Russia’s armed aggression cannot be ignored
By M. Alkhazashvili
Wednesday, April 23
Russia’s aggression on Abkhazia in the last week has been political, economic and now, following the downing of an unmanned Georgian spy plane, military.
This incident is not trivial, and the provocation not inconsequent. Russia knows it would gain more than it loses by provoking armed clashes in Abkhazia.
On April 21, the Georgian air force publicized video footage of what they say could only be a Russian jet firing a missile straight into the camera of a cruising Georgian spy plane. Radar records showed the aircraft taking off from Russia’s Gudauta airbase in Abkhazia, officially closed, and flying north into Russia after the attack.
Moscow argues that Georgia is violating the 1994 Moscow ceasefire agreement by flying the drone aircraft above Abkhazia. (Tbilisi has previously denied it was using the surveillance planes, even after losing another one in March.) Whether this was a military action—this drone belonged to the police forces of the Interior Ministry—and a breach of the Moscow agreement is debatable.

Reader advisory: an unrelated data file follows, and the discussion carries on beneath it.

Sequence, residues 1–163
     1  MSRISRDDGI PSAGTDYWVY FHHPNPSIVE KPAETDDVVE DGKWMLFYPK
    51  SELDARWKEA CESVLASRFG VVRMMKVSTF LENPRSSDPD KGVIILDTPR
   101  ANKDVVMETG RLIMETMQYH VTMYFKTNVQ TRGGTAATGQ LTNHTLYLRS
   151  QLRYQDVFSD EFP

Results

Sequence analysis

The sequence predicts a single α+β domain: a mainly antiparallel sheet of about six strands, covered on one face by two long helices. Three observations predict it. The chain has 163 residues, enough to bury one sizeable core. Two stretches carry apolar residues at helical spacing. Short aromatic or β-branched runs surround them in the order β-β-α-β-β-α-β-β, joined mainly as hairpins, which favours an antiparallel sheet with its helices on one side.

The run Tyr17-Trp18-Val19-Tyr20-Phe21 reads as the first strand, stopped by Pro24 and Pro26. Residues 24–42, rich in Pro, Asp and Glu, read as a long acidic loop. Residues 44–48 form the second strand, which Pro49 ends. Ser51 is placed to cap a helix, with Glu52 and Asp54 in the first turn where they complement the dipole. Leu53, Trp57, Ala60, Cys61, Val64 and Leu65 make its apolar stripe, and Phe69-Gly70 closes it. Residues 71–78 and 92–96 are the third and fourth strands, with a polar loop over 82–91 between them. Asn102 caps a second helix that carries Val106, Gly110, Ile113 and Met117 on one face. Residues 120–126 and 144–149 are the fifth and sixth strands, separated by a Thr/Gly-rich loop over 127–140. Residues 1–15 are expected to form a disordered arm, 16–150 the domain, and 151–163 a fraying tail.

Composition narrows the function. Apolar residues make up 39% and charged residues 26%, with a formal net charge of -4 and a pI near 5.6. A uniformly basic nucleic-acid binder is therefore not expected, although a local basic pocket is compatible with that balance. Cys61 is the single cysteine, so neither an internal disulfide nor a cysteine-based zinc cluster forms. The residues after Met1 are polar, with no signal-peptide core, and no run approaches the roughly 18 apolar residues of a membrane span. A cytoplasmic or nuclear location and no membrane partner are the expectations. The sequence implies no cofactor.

But there is no question that Russia MiG-29s shooting down Georgian aircraft in Abkhazia is a brazen violation of every international norm.
Moscow offered implausible counterclaims for the incident, saying the trainer jets in the paltry Abkhaz air force took down the drone. The Russian air force even said every one of its pilots had the day off when the Georgian spy drone went down on April 20. (Any invasion of Russia, military planners take note, should be done on their Palm Sunday.)
It is an absurd cover story for an outrageous threat against Georgia, a display of brawn and a provocation in de jure Georgian skies.
The situation around the conflict zone is tense, though calmed slightly after UN observers found no evidence of alleged military buildups on either side of the administrative border with Abkhazia. But flare-ups are frequent, likely and dangerous.
President Saakashvili did the right thing in promising to meet provocations with peace proposals, and in leading an international full court press over the attack. In today’s UN Security Council session, we hope for a clear message that Russian aggression will not be willfully ignored.